Nowadays, the electric connection circuits of power plants (based on fossil fuels as well as renewable sources) entail generator circuit-breakers (GCBs) at the generator terminals, since the presence of that electric equipment offers many advantages related to the sustainability of a power plant. In an alternating current (a.c.) circuit the interruption of a short circuit is performed by the circuit-breaker at the natural passing through zero of the short-circuit current. During the current interruption, an electric arc is generated between the opened contacts of the circuit-breaker. This arc must be cooled and extinguished in a controlled way. Since the synchronous generator stator can flow via highly asymmetrical short-circuit currents, the phenomena which occur in the case of short-circuit currents interruption determine the main stresses of the generator circuit-breaker; the current interruption requirements of a GCB are significantly higher than for the distribution network circuit breakers. For shedding light on the proper moment when the generator circuit-breaker must operate, using the space phasor of the short-circuit currents, the time expression to the first zero passing of the short-circuit current is determined. Here, the manner is investigated in which various factors influence the delay of the zero passing of the short-circuit current. It is shown that the delay time is influenced by the synchronous machine parameters and by the load conditions which precede the short-circuit. Numerical simulations were conducted of the asymmetrical currents in the case of the sudden three-phase short circuit at the terminals of synchronous generators. Further in this study it is emphasized that although the phenomena produced in the electric arc at the terminals of the circuit-breaker are complicated and not completely explained, the concept of exergy is useful in understanding the physical phenomena. The article points out that just after the short-circuit current interruption by the generator the circuit-breaker (when the GCB has been subjected at the metal contact terminals to the high temperature of a plasma arc, up to 50,000 K) between its opened contacts, there arises the transient recovery voltage (TRV) which constitutes the most important dielectric stress after the electric arc extinction. Since the magnitude and shape of the TRV occurring across the generator circuit-breaker are critical parameters in the recovering gap after the current zero, in this paper, we model, for the case of the faults fed by the main step-up transformer, the equivalent configurations, with operational impedances, for the TRV calculation, taking into account the main transformer parameters, on the basis of the symmetrical components method.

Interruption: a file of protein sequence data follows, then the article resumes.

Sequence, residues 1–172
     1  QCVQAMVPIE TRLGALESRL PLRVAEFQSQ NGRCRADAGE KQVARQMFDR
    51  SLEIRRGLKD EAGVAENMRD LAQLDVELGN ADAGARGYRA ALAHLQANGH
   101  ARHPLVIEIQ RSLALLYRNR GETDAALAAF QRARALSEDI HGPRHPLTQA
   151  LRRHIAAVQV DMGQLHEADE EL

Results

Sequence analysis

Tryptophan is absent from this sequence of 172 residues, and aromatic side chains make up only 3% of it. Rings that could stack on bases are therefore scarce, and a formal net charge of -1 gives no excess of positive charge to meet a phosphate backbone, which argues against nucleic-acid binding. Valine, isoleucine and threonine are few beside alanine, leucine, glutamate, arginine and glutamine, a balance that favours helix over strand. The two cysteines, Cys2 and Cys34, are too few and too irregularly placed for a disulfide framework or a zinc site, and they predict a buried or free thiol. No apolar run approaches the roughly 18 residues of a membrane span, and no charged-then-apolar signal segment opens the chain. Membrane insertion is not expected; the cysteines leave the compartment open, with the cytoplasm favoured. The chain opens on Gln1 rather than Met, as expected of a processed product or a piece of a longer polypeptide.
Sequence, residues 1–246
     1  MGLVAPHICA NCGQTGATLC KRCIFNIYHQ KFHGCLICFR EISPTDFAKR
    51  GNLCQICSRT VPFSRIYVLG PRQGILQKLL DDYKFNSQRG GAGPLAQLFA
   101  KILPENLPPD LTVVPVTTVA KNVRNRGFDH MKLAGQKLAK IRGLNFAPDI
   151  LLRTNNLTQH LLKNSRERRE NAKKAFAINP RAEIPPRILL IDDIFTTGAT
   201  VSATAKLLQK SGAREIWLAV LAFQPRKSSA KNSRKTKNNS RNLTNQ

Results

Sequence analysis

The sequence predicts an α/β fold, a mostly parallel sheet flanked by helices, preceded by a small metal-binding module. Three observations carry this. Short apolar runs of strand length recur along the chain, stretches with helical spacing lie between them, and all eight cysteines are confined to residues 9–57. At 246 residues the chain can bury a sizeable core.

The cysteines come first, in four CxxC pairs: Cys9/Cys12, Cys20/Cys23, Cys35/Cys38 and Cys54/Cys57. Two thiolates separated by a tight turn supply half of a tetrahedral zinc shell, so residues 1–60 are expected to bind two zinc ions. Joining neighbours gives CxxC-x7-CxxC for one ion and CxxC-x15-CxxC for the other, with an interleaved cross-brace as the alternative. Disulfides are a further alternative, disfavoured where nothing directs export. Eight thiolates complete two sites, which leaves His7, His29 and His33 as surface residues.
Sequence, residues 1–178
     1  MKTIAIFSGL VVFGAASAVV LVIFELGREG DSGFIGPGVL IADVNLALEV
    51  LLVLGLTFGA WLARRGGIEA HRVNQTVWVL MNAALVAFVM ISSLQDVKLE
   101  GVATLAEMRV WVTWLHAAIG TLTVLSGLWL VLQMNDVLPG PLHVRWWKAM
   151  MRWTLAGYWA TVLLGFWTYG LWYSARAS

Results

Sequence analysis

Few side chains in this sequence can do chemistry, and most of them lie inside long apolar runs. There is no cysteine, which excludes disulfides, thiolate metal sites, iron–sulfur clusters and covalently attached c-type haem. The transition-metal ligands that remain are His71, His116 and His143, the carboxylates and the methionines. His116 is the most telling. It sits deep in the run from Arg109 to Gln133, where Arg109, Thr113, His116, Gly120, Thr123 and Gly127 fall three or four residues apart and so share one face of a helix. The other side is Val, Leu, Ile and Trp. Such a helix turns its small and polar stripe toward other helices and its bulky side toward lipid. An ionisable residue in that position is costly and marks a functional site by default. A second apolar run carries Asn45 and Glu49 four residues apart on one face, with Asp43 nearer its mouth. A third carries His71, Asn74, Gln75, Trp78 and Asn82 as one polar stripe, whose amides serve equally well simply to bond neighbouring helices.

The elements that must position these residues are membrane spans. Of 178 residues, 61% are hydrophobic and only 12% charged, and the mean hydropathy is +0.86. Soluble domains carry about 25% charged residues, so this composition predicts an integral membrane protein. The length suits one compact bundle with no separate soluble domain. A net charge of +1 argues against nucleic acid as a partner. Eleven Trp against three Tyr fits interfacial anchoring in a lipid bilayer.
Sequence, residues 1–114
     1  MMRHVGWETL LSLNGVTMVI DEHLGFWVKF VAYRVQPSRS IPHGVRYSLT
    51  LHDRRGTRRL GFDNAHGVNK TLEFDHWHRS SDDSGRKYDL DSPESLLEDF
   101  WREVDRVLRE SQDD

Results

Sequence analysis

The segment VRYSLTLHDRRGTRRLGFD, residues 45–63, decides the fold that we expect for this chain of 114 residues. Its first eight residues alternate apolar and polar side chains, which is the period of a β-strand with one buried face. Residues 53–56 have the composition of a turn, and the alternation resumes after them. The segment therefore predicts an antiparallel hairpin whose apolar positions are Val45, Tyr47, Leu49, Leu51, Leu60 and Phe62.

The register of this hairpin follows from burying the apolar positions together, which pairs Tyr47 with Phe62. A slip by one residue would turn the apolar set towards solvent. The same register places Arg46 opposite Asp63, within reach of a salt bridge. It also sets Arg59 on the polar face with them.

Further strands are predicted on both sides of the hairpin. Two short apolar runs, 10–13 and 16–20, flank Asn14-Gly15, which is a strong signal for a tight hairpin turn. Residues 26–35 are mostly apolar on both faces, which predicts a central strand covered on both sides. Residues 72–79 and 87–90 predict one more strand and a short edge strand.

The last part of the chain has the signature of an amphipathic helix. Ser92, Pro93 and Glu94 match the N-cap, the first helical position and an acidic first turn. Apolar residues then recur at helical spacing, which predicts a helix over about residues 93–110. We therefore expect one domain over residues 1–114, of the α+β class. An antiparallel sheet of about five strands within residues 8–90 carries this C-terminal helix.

Theoretically, the concepts of energy, entropy, exergy and embodied energy are founded in the fields of thermodynamics and physics. Yet, over decades these concepts have been applied in numerous fields of science and engineering, playing a key role in the analysis of processes, systems and devices in which energy transfers and energy transformations occur. The research reported here aims to demonstrate, in terms of sustainability, the usefulness of the embodied energy and exergy concepts for analyzing electric devices which convert energy, particularly the electromagnet. This study relies on a dualist view, incorporating technical and environmental dimensions. The information provided by energy assessments is shown to be less useful than that provided by exergy and prone to be misleading. The electromagnet force and torque (representing the driving force of output exergy), accepted as both environmental and technical quantities, are expressed as a function of the electric current and the magnetic field, supporting the view of the necessity of discerning interrelations between science and the environment. This research suggests that a useful step in assessing the viability of electric devices in concert with ecological systems might be to view the magnetic flux density B and the electric current intensity I as environmental parameters. In line with this idea the study encompasses an overview of potential human health risks and effects of extremely low frequency electromagnetic fields (ELF EMFs) caused by the operation of electric systems. It is concluded that exergy has a significant role to play in evaluating and increasing the efficiencies of electrical technologies and systems. This article also aims to demonstrate the need for joint efforts by researchers in electric and environmental engineering, and in medicine and health fields, for enhancing knowledge of the impacts of environmental ELF EMFs on humans and other life forms.